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Comparing taxi physics to a flight deck video

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    Comparing taxi physics to a flight deck video

    One aspect of the current state of the NGXu's taxiing physics is that you pretty much can't turn above 10 knots. Watching this flight deck vid and seeing them easily exit the runway between 20-14 knots, I tested it myself at Aerosoft EDDK, following the groundspeeds in the video. It was simply impossible to make the exit in the NGXu at the same speeds, using the default raw input tiller mode. On its face, it seems like the new taxi physics need work before they get ported to the 747/777, but I'm curious to know what PMDG/the real-world NG pilot's here think.

    https://youtu.be/uLX7KKUalHc?t=523

    Alex Pugh

    #2
    Originally posted by AirBadger View Post
    One aspect of the current state of the NGXu's taxiing physics is that you pretty much can't turn above 10 knots. Watching this flight deck vid and seeing them easily exit the runway between 20-14 knots, I tested it myself at Aerosoft EDDK, following the groundspeeds in the video. It was simply impossible to make the exit in the NGXu at the same speeds, using the default raw input tiller mode. On its face, it seems like the new taxi physics need work before they get ported to the 747/777, but I'm curious to know what PMDG/the real-world NG pilot's here think.

    https://youtu.be/uLX7KKUalHc?t=523
    Go to nose wheel over it, I've turned the NGXu below 5kts with no power, small little pushes in the rudder works best for me instead of slamming it all the way down. However that's what works for me.


    Also how do you get the feeling of turning an actual plane through a video vs actually turning one and then comparing it?

    Also there could be a little bit more improvement to taxing the NGXu, need to get in a CAE 737 simulator and test it out
    Alex Kulak
    PMDG Studier and flyer
    Ramp Agent

    Comment


      #3
      Last time I tried to use the tiller to steer a 737-200, it felt like I was about to flip the simulator on its side. Unfortunately, I don't remember how fast I was going, but I don't think it was that fast, given that I was already stopped on the runway initially.
      Captain Kevin

      Kevin Yang

      Comment


        #4
        If Southwest can taxi this thing with a limit of 45 knots then it's clearly not designed right! Just sayin.....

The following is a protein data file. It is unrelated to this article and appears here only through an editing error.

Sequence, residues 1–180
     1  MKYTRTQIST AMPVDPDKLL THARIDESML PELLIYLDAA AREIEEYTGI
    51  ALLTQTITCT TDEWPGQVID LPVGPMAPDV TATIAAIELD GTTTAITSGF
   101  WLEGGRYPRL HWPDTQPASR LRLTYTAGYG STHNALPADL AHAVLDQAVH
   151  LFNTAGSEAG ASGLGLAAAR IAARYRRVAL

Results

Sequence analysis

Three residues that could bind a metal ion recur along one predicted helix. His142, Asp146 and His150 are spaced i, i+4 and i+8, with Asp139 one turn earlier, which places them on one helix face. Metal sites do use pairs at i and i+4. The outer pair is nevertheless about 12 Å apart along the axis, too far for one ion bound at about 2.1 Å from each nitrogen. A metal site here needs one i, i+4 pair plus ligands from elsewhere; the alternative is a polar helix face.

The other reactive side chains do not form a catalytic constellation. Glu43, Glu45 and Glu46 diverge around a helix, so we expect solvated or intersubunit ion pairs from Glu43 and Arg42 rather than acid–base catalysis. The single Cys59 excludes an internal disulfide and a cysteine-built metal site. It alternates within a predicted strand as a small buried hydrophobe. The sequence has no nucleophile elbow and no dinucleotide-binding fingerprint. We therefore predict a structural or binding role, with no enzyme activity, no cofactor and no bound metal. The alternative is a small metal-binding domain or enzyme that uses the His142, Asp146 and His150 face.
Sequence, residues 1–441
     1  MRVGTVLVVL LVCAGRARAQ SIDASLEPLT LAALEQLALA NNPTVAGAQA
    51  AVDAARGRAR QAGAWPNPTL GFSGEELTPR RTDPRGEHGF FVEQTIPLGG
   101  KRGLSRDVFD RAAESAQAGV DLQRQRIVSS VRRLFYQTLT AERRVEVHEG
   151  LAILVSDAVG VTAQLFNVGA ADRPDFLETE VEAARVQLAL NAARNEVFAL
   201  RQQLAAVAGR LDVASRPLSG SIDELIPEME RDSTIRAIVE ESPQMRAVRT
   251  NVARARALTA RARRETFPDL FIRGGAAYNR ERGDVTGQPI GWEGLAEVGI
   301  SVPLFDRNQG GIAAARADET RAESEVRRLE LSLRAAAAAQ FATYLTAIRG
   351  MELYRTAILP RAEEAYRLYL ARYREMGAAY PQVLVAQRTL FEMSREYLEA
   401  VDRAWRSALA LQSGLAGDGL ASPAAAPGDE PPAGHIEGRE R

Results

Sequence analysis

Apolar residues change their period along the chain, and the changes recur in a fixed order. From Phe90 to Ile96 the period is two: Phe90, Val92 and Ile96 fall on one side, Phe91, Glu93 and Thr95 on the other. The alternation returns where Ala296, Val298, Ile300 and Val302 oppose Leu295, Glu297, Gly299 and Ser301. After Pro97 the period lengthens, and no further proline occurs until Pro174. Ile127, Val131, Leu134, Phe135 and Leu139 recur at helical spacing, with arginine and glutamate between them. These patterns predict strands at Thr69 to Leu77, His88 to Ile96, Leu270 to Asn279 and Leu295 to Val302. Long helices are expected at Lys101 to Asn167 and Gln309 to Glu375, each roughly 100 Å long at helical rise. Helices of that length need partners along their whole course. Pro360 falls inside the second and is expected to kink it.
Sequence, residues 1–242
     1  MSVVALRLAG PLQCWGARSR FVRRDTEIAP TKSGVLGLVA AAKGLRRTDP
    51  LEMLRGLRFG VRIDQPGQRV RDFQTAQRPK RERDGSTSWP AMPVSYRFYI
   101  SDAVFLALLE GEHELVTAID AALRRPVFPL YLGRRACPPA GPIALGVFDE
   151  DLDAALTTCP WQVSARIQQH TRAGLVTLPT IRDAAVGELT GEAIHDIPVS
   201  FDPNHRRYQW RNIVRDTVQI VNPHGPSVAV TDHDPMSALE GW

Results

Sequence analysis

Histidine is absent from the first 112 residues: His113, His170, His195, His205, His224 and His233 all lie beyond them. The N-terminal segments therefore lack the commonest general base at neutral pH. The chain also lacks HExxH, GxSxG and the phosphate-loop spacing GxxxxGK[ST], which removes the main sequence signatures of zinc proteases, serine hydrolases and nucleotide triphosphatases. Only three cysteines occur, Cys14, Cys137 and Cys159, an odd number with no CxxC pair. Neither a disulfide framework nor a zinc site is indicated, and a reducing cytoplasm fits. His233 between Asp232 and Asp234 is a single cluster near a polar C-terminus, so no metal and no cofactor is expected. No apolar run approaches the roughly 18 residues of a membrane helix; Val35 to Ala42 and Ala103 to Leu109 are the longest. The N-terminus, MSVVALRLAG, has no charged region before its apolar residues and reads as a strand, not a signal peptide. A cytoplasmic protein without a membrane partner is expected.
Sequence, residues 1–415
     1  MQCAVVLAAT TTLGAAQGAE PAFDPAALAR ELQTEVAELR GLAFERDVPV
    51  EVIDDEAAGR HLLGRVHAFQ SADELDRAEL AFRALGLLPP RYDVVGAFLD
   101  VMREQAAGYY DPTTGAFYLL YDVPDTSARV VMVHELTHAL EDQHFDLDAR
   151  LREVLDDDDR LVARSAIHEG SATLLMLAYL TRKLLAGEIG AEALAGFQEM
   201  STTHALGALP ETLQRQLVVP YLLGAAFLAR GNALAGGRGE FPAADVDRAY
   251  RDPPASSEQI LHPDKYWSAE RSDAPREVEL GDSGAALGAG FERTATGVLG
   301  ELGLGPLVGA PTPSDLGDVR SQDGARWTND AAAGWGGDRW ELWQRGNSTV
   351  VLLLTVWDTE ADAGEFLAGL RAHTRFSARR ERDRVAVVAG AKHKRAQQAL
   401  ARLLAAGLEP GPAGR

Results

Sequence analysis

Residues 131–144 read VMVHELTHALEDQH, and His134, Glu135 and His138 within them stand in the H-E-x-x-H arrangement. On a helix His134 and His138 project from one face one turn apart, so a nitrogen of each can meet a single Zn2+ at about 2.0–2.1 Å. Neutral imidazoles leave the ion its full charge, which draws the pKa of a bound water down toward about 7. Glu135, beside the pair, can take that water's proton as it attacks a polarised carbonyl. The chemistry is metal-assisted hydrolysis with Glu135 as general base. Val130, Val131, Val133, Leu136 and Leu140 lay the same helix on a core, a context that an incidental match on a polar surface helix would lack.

Herb Barrett-King

        Comment


          #5
          Originally posted by WN737 View Post
          If Southwest can taxi this thing with a limit of 45 knots then it's clearly not designed right! Just sayin.....
          Ah yes... "Southwest style" taxi LOL
          Serge Saakov - KPVD
          my YouTube page

          Comment


            #6
            If my memory is right, It's been told here in the forums by real 73 pilots, that the tiller is not used over 20 Knots, they use the rudder to steer. Please prove me wrong if it's not the case. If this is the case then the steering and taxi physics are very well modeled. I got used very quickly taxiing the NGXu with a separate steering tiller controller and setting steering feel "using rate based".
            Last edited by 737NG4EVER; 21Jan2020, 00:23.
            Sergio Naiberg

            Comment


              #7
              I'm honestly confused with all the issues folks are having with the new taxi physics. Sure, it took a bit to get used to but once I relearned the technique, I prefer it. I feel like it wanders less in a straight line so I can spend longer with my head in the cockpit without worrying that I'll look up to find I've drifted into the active. Making a sharp turn from slow or stationary does require some finesse on the power. Too much power and as the turn radius tightens, the rate of turn will increase to an unacceptable level. It just requires more control touch now.

              Since you are sitting at a desk instead of an actual aircraft, you can't feel the movement of the aircraft so that adds to the difficulty of controlling your cartoon airplane. I flew OH-58s in the Army and have difficulty hovering a helicopter in P3D on full realism for the same reason. Can't feel the airplane. You need small control inputs and use your periphery to help judge movement and speed.